Business

Minister tackles mineral royalty tax removal

PRESIDENT Hakainde Hichilema and Dr Situmbeko Musokotwane

KABANDA CHULU, Lusaka

SUSPENSION of mineral royalty tax to result in an annual loss of US$182 million is meant to encourage growth and maximisation of production in the mining industry, Minister of Finance and National Planning Situmbeko Musokotwane has said. In the 2022 budget, Government intends to attract investment and boost production in the mining sector through re-introducing the deductibility of mineral royalty for corporate income tax assessment purposes. Government also wants, in the medium term, to amend the law so that mineral royalty determination reflects a measure of both incremental and aggregate norm values. When asked why Government has pursued an International Monetary Fund (IMF) programme instead of mobilising funds from mineral royalties, Dr Musokotwane responded that concessions given to the mining industry were in the best interest of the country’s economy. “The measure has resulted in a loss of US$182 million per annum but had we maintained that tax, this amount could have come nowhere to help address the current economic challenges.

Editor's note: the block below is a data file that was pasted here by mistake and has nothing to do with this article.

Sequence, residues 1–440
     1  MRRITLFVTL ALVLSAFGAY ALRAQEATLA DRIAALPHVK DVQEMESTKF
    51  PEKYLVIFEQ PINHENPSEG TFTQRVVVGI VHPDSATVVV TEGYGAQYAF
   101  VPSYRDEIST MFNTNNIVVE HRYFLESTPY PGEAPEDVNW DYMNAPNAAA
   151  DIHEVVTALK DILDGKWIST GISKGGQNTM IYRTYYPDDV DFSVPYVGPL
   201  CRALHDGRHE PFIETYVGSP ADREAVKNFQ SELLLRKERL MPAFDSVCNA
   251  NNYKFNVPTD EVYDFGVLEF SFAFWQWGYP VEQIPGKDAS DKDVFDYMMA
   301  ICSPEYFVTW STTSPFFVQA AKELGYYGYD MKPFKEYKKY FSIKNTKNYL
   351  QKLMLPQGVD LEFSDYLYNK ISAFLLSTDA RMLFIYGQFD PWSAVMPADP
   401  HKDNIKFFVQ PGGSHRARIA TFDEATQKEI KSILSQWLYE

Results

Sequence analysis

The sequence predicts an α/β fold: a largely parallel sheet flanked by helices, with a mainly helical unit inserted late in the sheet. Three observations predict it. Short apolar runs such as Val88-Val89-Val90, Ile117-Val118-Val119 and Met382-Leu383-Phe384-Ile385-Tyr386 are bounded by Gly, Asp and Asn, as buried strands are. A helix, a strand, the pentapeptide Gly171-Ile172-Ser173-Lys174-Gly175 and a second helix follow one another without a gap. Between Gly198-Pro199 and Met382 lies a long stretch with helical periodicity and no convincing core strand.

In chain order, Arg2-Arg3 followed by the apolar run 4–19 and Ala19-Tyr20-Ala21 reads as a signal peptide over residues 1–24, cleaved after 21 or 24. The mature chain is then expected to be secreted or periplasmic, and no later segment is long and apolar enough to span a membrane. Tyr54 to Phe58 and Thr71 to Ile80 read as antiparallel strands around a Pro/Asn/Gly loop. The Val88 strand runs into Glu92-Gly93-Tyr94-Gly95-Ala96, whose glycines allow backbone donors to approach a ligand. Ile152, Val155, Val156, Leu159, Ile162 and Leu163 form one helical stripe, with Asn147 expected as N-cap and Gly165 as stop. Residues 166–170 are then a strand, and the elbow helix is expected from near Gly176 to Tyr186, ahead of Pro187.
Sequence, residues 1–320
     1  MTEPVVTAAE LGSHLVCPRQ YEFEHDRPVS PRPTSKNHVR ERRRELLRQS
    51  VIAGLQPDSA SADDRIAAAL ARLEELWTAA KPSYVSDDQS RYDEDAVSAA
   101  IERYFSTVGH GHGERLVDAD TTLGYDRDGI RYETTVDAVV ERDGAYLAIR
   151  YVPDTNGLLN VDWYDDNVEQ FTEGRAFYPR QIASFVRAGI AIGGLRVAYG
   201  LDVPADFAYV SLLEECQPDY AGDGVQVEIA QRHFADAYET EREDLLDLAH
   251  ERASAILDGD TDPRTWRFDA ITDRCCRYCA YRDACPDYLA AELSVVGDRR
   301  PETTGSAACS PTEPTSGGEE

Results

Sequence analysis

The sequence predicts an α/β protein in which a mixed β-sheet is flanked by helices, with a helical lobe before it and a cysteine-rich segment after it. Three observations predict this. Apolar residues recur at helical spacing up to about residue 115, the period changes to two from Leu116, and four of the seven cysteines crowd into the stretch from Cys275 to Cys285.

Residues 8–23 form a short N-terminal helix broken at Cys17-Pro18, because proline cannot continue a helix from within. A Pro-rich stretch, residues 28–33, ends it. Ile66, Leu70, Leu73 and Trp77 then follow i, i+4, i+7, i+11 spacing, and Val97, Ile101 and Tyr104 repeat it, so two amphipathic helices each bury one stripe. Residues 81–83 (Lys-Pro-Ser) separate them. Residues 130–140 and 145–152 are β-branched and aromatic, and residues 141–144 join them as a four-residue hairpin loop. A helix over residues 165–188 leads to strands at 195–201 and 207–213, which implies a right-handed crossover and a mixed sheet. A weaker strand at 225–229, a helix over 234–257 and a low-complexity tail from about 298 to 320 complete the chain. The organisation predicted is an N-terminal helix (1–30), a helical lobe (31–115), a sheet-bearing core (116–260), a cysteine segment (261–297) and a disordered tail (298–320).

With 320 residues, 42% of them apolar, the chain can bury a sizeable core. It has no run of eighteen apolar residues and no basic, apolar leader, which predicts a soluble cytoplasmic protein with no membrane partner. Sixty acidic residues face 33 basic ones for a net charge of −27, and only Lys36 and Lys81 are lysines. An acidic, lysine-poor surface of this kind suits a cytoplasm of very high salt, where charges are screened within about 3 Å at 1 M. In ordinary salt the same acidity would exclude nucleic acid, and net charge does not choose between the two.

“We want to maximise production and encourage growth, and not just focusing on raising the US$182 million but we want to see the sector ramp up production,” he said. Dr Musokotwane said Government is looking at the medium and long-term objectives when providing incentives. “There will be temporal setbacks but I want to assure you that things will get better. For instance, we have set CLICK TO READ MORE



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